Friday, February 27, 2009

Donald concedes victory to Els as wrist problem recurs

Good wins by McIlroy, Casey and

Fisher in World Match-play

Luke Donald conceded his third-round match against Ernie Els at the WGC-Accenture Match Play Championship after feeling discomfort in his left wrist. But otherwise it was a good day for the English and Northern Ireland survivors.
Teenager Rory McIlroy secured a place in the quarter-finals with an assured 4 and 3 win over Tim Clark, as four European Tour Members progressed to the last eight at Dove Mountain near Tucson in the Arizona desert.
Clark had been too strong for World Number One Tiger Woods in the second round but in 19 year old McIlroy he came across a third round opponent right on top of his game after winning his maiden European Tour title at the Dubai Desert Classic earlier in the year.

There's been plenty of hype surrounding the Northern Irish teenager on his professional debut in America, and judging by his performance so far, it is fully justified. Ernie Els went so far as to say we could be looking at the next World Number One.
"He's got a lot of confidence going now, and obviously the win in Dubai was big for him. Got that little monkey off his back, because he's been in contention quite a few times in the last six months.
"So Rory's comfortable now. He's hungry, as we say. So he's going to be a major factor in world golf. I think that you're probably looking at the next Noumber One in the world with him. He's got all the tools."
England’s Ross Fisher also booked his place in the last eight with a 4 and 3 victory over Jim Furyk but there was a setback for his compatriot Luke Donald, who conceded his match with Ernie Els on the 18th tee after complaining of weakness in his left wrist - the same joint that required surgery last year and caused him to miss the latter half of last season.
The concession came with Donald still in with a chance of taking his match to extra holes, as he had done in beating Vijay Singh in round two. He was trailing one down to Els at the last, but the Englishman called it quits in order to prevent further damage, handing the South African victory.
“I didn’t want to risk it,” Donald said immediately afterwards. “I hit my tee shot on 17 and for the first time since coming back I felt a little twinge in my wrist. It didn't feel great when I hit that bunker shot, either. So rather than risk it, I wanted to play it safe and concede the match to Ernie.
“When I rotate the wrist I feel a little bit of a popping sensation. I didn’t get to that stage but it felt a little bit weak and I didn’t feel like I could make a full, proper swing.”
Fisher, meanwhile, was celebrating his third round 4 and 3 victory over former US Open Championship winner Furyk, a day after crushing American Pat Perez 6 and 5 in the second round.
“It was a great achievement to get through,” Fisher said, “but I knew playing a guy like Jim it was going to be a very difficult match.
“He's a great player, he's a Major winner, he's Mr Ryder Cup; you know, he's a gritty competitor.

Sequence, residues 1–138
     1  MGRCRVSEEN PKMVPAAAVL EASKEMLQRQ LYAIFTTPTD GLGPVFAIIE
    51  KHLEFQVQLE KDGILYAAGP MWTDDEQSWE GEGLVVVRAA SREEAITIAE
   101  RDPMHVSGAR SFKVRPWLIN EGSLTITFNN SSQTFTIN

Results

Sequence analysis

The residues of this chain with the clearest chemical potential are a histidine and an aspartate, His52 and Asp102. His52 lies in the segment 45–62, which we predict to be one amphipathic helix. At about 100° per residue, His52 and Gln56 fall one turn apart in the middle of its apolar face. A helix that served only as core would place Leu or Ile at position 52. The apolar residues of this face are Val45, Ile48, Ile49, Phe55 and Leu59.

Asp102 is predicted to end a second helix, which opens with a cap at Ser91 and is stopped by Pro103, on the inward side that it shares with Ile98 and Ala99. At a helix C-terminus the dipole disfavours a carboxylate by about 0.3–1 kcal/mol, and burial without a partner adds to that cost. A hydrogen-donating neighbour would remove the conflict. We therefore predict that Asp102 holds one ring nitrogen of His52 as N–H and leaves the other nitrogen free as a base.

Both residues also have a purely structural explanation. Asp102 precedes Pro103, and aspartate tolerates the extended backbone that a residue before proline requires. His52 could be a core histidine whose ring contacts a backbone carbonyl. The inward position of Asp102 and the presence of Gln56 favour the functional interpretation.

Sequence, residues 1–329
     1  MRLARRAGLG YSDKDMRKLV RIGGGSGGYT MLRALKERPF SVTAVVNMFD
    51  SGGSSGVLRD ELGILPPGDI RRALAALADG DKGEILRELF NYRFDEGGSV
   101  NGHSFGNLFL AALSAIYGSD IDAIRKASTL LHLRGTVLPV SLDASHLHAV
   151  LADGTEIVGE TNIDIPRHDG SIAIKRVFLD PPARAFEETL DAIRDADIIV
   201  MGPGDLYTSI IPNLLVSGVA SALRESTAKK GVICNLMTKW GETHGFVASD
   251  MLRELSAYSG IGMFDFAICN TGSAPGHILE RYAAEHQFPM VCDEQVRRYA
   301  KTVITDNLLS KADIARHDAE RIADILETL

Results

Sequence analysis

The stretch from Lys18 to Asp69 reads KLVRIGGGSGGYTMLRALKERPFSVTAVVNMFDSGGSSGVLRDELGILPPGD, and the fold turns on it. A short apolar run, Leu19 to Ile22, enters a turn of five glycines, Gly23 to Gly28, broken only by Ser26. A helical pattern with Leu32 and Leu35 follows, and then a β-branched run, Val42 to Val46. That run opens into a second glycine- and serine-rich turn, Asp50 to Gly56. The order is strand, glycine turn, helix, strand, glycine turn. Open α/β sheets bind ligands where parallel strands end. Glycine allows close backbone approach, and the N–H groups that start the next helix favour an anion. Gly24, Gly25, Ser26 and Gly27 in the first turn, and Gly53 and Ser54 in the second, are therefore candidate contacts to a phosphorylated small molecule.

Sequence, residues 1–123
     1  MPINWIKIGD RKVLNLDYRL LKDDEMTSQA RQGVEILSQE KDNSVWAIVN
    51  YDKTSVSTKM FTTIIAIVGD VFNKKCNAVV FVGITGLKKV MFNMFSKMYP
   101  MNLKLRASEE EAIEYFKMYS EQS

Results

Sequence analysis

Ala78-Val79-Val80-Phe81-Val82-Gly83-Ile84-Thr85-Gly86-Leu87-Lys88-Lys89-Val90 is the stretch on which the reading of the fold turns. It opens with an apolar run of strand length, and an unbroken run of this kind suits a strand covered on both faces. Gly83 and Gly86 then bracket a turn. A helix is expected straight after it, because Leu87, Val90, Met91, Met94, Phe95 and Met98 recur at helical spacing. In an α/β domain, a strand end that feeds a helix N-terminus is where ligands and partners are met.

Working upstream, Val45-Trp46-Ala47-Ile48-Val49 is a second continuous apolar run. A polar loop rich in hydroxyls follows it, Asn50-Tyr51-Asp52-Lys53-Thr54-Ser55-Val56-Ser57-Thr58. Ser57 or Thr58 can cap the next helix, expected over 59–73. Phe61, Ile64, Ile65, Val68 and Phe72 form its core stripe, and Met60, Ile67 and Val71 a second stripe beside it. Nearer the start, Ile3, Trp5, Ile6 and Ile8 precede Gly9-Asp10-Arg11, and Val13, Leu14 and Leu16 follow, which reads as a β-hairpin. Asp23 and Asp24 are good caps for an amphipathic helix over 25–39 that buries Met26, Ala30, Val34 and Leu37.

“So I knew it was going to be a very difficult match, but I felt very comfortable and confident going into it.

“My game's been in really, really good shape this week. I feel like the course suits me very, very well. I just knew I had to come out and play some solid golf.”
McIlroy continued his dream American debut when he booked a place in the quarter-finals.
The Northern Ireland teenager, in his first start as a professional in the United States, made it three wins in as many days.
Clark had cut short Woods’ comeback from an eight month injury lay-off with a 4 and 2 victory over the World Number One at the Ritz-Carlton Golf Club but that victory clearly took its toll and McIlroy capitalised to the full.
“I think yesterday obviously playing on so much adrenaline it's tough to come out today,” Clark said. “And I just felt a little bit flat. Rory played really well.”
The World Number 17 jumped into a lead at the opening hole as Clark bogeyed the par four first and the Irishman stretched his lead with a birdie four at the second to go two up.
McIlroy quickly established a stranglehold on the match by going four up after six holes before Clark won his first hole at the seventh.
The Dubai Desert Classic winner hit straight back with a birdie at the eighth to regain his four up lead and maintained it to claim victory at the 15th.
“I think Tim didn't play his best golf,” McIlroy said. “Understandably he was probably a little flat after all that happened yesterday and I came out and got off to quite a fast start and got an early lead, and I was able to hang on and get the win.
“It's great, fantastic.”
McIlroy now plays 2006 winner Geoff Ogilvy in the last eight after the Australian beat Camilo Villegas of Colombia 2 and 1.Fisher faces Justin Leonard who ended Oliver Wilson’s giant killing run with a win at the 19th hole and Paul Casey made it two Englishmen in the last eight with a 3 and 2 victory over Sweden’s Peter Hanson. He now plays Sean O’Hair, the American who defeated Ian Poulter 2 and 1.
Stewart Cink won the battle of the Americans with Phil Mickelson, one up, and will play Els.
“Stewart is playing very well, hit a lot of good shots, made some good putts, the front nine especially,” Mickelson said.
“I think he's going to be tough to beat and certainly was tough for me.”

Accenture World Match-play


McIlroy bt Clark 4 and 3.
Ogilvy bt Villegas 2 and 1.
Els bt Donald (Donald, one down, retired after 17 holes with wrist injury).
Cink bt Mickelson 1 hole
O'Hair bt Poulter 2 and 1
Casey bt Hanson 3 and 2.
Fisher bt Furyk 4 and 3.
Leonard bt Wilson at 19th.

McIlroy v Ogilvy
Els v Cink
O'Hair v Casey
Fisher v Leonard

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